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Poverty reduction and development in Asia
Tuesday, 31 May 2011 06:44

East Asia’s economic growth performance these past decades has been stunning.  This has produced a dramatic reduction in the number of people living in absolute poverty (under $1.25 a day).  But progress has not been even across countries, with China streaking out ahead of the rest.  And when you look at other indicators of development, progress has been less impressive. 


In short, economic growth is necessary for economic development, but it is not sufficient by itself.


East Asia’s economic growth leader these past few decades has been China with per capita GDP growth of 7.8% in the 1980s, 8.4% in the 1990s and 8.9% in the period 2000-2007.  Other countries to perform well are: Viet Nam (2.2%, 5.3% and 6.2%), India (3.4%, 3.5% and 5.5%), Korea (6.1%, 5.0% and 4.5%).  Countries with more moderate performance are: Thailand (5.4%, 3.8% and 4.2%), Malaysia (3.0%, 4.3% and 3.5%), Indonesia (4.2%, 3.0% and 3.7%) and the Philippines (-0.5%, 0.6% and 3.1%). 


Thanks to this exceptional economic growth, the Asia-Pacific region is well on track to achieve the first Millennium Development Goal (MDG) of halving, between 1990 and 2015, the proportion of people whose income is less than $1.25 a day.  In fact, between 1990 and 2008, countries in Asia and the Pacific reduced the number of people living on less than $1.25 a day from 1.5 million to 947 million, even though the region’s population increased by some 800 million over this period. 


But if you exclude China from this calculation, only “slow” progress has been achieved.  Indeed, China has already achieved this goal, as have Malaysia, Thailand, and Viet Nam.  Both India and the Philippines have only made slow progress.


Another important MDG is combating hunger, especially for children.  Again, China, Malaysia, Thailand and Viet Nam have already achieved the goal of halving between 1990 and 2015, the proportion of underweight children.  But India, Indonesia and the Philippines have only made slow progress. 


Let’s now move on to the MDGs of universal education and gender equality in education.  While China again does well, countries like India, Indonesia, Malaysia and Thailand have a more mixed performance.  The Philippines has already achieved the gender equality goals, but is moving backwards for achieving universal education.    


Reducing infant mortality by two-thirds between 1990 and 2015 is an area where Asia’s rapidly developing countries do much less well.  Viet Nam has already achieved this goal, while Malaysia is on track.  But only slow progress is being achieved in China, India, Indonesia, Philippines and Thailand.  For most of these countries, maternal health conditions are only achieving mediocre progress.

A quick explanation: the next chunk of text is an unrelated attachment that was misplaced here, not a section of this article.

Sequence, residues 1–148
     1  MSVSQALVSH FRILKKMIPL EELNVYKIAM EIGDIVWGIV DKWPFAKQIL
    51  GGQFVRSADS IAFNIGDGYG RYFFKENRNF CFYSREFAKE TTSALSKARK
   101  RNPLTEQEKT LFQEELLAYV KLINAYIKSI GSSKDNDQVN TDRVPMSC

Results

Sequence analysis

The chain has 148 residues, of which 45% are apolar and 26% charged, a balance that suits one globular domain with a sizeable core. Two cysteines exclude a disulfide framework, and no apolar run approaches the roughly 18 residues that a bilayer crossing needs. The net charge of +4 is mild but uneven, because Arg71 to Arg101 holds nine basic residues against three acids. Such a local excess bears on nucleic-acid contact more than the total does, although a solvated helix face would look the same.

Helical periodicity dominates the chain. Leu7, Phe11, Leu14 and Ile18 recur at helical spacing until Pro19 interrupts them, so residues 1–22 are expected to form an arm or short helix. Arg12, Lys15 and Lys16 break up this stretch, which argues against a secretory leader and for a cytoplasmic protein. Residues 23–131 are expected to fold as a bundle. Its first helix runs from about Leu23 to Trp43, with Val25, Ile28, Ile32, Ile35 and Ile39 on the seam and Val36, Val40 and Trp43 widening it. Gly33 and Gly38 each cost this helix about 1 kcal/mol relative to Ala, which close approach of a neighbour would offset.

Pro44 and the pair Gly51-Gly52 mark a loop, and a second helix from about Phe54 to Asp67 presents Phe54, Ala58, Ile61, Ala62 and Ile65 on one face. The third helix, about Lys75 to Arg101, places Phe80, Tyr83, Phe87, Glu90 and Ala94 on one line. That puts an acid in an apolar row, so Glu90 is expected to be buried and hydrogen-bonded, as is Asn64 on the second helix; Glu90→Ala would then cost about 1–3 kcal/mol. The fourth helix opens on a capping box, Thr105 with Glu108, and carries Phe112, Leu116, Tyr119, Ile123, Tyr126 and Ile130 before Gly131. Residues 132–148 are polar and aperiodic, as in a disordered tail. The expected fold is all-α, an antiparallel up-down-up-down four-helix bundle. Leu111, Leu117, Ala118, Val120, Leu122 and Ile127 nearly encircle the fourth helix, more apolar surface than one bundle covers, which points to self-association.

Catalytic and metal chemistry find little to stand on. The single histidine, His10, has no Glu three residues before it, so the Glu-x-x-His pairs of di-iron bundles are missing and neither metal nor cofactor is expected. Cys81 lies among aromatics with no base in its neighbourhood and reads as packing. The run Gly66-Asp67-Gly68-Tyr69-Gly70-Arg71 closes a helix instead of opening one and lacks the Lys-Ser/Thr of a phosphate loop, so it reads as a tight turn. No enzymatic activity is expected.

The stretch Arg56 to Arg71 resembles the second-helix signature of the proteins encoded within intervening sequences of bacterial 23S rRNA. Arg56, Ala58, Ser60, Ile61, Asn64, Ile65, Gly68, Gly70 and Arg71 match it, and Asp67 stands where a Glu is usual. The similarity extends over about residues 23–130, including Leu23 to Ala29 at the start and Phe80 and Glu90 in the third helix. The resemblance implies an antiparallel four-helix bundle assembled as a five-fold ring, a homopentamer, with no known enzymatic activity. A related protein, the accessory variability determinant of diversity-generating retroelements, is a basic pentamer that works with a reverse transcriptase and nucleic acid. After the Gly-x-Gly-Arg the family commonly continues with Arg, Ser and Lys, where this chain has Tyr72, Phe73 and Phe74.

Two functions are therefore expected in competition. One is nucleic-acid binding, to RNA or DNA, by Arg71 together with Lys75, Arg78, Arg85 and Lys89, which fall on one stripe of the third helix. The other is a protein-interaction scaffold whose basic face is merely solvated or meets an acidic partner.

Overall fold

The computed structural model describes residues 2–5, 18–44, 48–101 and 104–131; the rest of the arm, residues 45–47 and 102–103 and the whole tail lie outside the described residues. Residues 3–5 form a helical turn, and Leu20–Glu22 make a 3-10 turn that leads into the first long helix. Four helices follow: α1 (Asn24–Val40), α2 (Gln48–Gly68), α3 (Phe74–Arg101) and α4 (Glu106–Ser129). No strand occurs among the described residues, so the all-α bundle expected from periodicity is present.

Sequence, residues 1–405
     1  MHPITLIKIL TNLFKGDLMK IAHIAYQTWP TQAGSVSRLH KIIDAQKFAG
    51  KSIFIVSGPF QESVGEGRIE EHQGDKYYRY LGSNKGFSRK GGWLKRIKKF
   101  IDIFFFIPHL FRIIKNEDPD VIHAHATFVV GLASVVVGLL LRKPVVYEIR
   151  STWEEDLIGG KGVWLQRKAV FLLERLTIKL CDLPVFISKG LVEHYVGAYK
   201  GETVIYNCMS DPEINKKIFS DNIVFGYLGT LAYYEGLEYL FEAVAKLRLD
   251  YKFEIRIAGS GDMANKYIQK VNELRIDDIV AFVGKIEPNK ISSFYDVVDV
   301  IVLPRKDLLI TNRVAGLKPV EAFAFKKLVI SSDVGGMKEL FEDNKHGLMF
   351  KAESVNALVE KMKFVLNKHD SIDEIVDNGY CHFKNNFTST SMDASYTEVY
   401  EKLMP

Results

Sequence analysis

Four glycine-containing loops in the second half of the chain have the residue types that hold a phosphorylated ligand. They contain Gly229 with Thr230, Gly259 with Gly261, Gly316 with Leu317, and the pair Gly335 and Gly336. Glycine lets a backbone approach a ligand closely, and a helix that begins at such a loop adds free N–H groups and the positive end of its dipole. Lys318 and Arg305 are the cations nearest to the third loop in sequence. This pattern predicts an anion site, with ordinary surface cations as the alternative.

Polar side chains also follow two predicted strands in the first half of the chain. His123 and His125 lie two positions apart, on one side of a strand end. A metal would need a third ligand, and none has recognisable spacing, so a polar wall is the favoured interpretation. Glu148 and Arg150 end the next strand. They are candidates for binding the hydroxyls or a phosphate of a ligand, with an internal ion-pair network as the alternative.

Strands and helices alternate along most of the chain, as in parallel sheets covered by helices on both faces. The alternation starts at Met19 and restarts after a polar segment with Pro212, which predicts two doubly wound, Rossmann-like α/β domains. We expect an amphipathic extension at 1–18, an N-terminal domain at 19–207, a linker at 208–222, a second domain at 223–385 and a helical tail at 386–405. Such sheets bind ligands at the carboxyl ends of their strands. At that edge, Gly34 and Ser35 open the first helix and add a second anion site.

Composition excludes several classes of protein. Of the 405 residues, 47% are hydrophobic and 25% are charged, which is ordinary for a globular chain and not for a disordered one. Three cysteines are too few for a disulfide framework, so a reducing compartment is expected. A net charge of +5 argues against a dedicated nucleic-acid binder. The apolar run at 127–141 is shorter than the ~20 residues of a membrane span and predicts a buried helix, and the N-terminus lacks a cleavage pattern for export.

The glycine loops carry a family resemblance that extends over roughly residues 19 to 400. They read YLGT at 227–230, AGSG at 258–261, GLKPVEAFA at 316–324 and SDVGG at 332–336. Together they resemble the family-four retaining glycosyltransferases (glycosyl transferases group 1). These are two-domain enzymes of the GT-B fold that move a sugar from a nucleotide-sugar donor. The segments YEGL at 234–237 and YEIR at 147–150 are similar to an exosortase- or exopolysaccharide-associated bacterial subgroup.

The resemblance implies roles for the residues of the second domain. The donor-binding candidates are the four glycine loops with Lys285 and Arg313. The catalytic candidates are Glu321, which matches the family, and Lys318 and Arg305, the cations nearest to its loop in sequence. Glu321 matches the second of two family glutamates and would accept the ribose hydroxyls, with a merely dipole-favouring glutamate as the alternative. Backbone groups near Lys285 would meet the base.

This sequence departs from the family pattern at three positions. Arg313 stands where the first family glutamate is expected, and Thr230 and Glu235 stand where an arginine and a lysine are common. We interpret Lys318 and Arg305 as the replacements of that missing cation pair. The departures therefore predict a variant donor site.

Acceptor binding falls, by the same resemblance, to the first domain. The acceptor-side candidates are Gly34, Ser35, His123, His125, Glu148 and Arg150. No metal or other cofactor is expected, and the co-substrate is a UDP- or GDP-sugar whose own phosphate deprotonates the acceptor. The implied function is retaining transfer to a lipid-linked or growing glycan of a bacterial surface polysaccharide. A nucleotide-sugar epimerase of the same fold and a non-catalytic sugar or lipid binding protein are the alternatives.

Most regrettably, the fight against HIV/AIDS is going backwards in a long list of countries like Indonesia, Laos, Malaysia, Singapore and Viet Nam.  Progress is however being made in China, India and Thailand.


In the area of the environment, deforestation is a major problem in a vast array of countries like Korea, Mongolia, Brunei, Cambodia, Indonesia, Lao, Malaysia, Myanmar, the Philippines, Thailand, and Timor-Leste.  China, India and Viet Nam are all making progress on this score.  CO2 emissions are on the rise most everywhere. 


In short, East Asia’s progress towards achieving the MDGs is mixed.  The number of people living in absolute poverty has been dramatically reduced, and progress has been made for reducing gender disparities at school, and for halving the proportion of people without access to safe drinking water.  But the region has been slow in reducing the extent of hunger, in ensuring that girls and boys reach the last grade of primary education, in reducing child mortality, in improving maternal health provision and in providing basic sanitation.  Moreover, the region’s 14 least developed countries have made slow or no progress on most indicators. 


Perhaps the greatest development drama of all is Asia’s missing girls.  Close to 100 million women in Asia are estimated to be ‘missing’ because of discriminatory treatment in access to health and nutrition, pure neglect, or pure neglect – or because they were not allowed to be born in the first place!  The region’s highest girl to boy under-five mortality rations are found in China (1.41), India (1.10), and Pakistan (1.08).


The overall message is clear.  While economic growth is necessary for economic development, it is not sufficient.  Government has a very important role to play in improving health, education and access to social services, in reducing hunger and building food security, in reducing persistent gender gaps, in promoting financial inclusion and strengthening basic infrastructure – particularly better road transport, water supplies, sanitation, electricity, information technology, telecommunications and urban low-income housing. 


But to achieve this, good governance is necessary – a great challenge in a region riddled with corruption!



Paths to 2015: MDG Priorities in Asia and the Pacific.  UNESCAP, ADB, UNDP 






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